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WhiskyLive 2017

I went with some friends last week to WhiskyLive 2017 in NYC.  I didn’t use my “press credentials” to get in, rather I bought VIP tickets (at a discount 6 months ago). VIP basically was supposed to get you entry 30 minutes early, access to a special lounge and a higher end crystal glass.  Well, the line got all screwed up and even though I got there early, I didn’t get in until almost 6pm. The glass was weird and I think I’d rather have the normal glass. And to top it off the VIP lounge didn’t have anything special in it–literally they were serving Evan Williams 2008 Single Barrel, a $22 Bourbon and some awful Widow Jane swill.

However, enough complaining and venting… but seriously, next year, the line situation needs to be fixed and they need to get a few more epic bottles in the VIP lounge.

I am very glad that I went for three reasons though. First and most importantly, Four Roses brought Brent Elliott up for the event and I got to meet the man himself. He is awesome and I plan on having an interview with him in the coming weeks: stay tuned!  They also were pouring FRSBLE2016, and while I do have several bottles of it at home, it was really nice to see a special pour.  Very few producers did that, so a real special thanks to Four Roses for stepping up and bringing their best.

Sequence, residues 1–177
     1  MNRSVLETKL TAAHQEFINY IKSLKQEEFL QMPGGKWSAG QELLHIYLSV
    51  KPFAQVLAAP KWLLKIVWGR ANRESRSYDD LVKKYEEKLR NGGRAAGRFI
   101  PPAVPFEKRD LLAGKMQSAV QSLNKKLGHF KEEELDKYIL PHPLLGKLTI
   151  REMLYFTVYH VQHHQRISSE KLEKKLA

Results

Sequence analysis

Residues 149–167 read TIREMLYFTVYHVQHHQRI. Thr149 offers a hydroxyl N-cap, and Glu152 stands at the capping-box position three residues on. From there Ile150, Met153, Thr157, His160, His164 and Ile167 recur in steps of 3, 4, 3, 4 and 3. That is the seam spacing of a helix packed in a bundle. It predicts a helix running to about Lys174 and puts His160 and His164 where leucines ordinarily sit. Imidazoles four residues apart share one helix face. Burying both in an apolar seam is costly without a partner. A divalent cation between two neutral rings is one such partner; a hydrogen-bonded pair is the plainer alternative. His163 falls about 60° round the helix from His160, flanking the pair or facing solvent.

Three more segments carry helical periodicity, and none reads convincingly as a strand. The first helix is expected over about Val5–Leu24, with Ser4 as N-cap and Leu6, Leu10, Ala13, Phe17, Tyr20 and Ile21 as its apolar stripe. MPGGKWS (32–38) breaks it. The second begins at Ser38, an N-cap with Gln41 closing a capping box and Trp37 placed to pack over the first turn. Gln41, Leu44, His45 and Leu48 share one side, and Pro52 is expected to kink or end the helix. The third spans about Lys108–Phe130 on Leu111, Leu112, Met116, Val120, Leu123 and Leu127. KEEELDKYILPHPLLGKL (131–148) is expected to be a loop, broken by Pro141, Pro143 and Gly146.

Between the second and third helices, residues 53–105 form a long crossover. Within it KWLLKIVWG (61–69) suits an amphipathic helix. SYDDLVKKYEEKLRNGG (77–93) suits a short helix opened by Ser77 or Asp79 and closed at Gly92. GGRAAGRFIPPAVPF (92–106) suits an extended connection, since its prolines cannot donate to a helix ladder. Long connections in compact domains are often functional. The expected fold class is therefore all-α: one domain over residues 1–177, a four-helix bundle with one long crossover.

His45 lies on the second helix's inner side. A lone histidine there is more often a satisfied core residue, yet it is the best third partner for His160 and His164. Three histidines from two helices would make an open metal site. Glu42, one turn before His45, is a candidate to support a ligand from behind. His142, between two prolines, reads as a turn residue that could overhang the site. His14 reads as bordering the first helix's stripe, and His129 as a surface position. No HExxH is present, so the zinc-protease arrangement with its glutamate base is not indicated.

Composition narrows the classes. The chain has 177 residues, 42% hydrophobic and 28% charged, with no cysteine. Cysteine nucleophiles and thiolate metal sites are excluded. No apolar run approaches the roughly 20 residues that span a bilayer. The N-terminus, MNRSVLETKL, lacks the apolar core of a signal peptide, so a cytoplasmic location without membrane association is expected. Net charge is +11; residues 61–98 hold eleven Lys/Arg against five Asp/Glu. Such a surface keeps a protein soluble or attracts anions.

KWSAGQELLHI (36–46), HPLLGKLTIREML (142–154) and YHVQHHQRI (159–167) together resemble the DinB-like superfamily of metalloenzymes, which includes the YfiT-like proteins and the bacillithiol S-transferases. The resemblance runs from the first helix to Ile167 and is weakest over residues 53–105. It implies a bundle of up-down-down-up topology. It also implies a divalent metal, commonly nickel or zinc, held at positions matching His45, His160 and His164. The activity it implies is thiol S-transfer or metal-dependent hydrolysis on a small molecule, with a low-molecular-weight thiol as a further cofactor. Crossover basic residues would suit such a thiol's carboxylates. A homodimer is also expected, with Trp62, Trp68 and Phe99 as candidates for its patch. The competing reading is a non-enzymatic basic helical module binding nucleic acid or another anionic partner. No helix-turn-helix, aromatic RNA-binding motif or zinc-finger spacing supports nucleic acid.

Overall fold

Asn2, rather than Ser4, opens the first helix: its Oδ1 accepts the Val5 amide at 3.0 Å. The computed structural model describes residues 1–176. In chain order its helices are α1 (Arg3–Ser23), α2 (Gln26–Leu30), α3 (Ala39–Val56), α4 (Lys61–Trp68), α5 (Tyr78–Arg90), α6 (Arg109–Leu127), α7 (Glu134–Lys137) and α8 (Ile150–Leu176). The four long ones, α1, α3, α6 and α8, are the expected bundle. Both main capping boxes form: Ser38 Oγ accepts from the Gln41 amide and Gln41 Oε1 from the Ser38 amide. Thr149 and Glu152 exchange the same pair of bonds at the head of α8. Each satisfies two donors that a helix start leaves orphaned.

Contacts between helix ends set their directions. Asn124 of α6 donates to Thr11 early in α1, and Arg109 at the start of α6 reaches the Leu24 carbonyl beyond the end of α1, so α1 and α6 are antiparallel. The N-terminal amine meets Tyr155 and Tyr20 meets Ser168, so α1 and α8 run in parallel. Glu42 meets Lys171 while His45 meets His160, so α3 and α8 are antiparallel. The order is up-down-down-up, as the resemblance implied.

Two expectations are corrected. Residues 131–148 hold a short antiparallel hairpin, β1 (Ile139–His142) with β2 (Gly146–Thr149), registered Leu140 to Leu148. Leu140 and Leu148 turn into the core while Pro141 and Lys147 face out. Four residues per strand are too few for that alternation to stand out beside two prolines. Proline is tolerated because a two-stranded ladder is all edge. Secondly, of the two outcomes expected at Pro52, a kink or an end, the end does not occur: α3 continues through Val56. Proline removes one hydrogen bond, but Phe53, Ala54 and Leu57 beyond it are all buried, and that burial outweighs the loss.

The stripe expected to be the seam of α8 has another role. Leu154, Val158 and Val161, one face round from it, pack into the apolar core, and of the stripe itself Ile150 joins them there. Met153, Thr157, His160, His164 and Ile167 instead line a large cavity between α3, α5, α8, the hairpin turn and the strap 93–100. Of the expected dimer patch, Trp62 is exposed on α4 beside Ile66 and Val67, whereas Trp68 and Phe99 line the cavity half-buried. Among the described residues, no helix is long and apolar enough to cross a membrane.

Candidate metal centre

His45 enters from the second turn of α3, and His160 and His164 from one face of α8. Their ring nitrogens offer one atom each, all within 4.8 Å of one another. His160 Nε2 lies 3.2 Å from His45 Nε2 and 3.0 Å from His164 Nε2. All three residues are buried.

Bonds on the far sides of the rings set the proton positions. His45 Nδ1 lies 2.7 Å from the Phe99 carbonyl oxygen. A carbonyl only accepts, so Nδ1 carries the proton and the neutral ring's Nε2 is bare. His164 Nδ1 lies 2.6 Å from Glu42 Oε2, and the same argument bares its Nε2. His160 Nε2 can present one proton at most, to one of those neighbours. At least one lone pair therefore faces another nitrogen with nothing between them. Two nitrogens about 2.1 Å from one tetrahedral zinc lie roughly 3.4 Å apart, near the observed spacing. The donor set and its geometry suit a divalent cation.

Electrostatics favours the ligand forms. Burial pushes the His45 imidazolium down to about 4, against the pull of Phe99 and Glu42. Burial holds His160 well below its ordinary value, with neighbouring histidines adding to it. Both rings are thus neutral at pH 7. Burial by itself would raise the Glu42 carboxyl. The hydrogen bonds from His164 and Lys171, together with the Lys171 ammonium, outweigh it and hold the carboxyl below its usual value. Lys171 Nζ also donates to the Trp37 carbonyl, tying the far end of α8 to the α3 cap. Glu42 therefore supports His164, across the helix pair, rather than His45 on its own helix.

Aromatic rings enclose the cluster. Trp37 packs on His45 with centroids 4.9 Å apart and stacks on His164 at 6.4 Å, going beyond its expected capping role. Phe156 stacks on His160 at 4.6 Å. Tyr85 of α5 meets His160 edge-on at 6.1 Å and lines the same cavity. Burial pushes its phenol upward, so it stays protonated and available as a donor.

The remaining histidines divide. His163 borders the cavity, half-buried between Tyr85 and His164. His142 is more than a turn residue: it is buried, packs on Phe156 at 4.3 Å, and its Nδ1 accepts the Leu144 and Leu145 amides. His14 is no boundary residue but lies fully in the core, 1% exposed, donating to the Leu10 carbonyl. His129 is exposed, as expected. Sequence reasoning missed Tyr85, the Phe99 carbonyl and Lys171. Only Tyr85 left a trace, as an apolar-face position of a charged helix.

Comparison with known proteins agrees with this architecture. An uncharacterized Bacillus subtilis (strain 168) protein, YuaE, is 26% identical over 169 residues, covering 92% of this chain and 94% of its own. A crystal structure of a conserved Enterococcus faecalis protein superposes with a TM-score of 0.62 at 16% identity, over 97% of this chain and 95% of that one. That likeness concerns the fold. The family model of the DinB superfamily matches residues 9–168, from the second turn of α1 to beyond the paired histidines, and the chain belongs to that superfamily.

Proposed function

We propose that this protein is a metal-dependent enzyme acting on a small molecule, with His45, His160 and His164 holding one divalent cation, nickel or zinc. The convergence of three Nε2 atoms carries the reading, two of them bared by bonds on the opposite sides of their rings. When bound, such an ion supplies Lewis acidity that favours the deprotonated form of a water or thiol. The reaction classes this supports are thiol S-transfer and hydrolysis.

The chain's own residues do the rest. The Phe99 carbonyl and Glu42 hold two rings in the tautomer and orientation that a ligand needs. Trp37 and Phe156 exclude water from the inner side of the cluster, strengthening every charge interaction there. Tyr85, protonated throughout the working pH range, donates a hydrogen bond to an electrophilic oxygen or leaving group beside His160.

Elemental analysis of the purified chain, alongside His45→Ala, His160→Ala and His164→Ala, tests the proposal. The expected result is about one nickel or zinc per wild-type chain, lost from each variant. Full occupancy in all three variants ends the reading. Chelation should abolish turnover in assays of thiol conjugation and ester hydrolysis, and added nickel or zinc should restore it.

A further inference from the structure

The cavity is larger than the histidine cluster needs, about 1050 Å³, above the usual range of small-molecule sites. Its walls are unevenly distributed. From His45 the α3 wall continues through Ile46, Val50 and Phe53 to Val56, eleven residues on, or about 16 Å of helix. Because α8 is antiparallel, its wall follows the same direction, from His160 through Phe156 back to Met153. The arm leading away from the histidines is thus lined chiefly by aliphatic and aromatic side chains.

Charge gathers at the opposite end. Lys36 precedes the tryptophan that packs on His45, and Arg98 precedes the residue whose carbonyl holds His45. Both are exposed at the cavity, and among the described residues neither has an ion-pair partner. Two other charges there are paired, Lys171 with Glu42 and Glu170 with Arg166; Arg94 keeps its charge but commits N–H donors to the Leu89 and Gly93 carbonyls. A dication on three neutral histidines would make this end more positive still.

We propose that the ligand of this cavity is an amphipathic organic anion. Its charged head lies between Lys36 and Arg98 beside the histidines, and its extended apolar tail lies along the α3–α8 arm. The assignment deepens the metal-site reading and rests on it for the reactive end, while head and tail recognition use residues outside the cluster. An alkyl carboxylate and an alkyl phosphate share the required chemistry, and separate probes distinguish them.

The second reason I was glad to go was to see the upcoming releases from Barrell Bourbon. Joe Beatrice was there pouring Whiskey 003 and the new Bourbon 009, 010 and even 011. They also had some New Years Bourbon which they were nice enough to give double pours when I asked nicely–thanks guys!!!  (The New Years Bourbon should have been in the VIP lounge as it was better than pretty much every other one there)  I can’t say enough good things about the Barrell guys, they bought tons of bottles so everyone could try as much as they wanted, no severely limiting the pours like some other people did…

The third reason I am glad I went was to try to new Michters 10yr Rye.  It was good. But it wasn’t great. If I find any this season I will be trading it for something else because I wasn’t overly impressed. I tried it three times. It was enjoyable but the finish just wasn’t enough to make me need it. It’s probably a 90 +/- but certainly not a top 10.  They also were really stingy with the pouts: yes, I’m talking about you Kenny Ng!!!!! (exceptionally stingy pours matter in this situation, and I doubt they ran out because it was still there 2 hours into the event).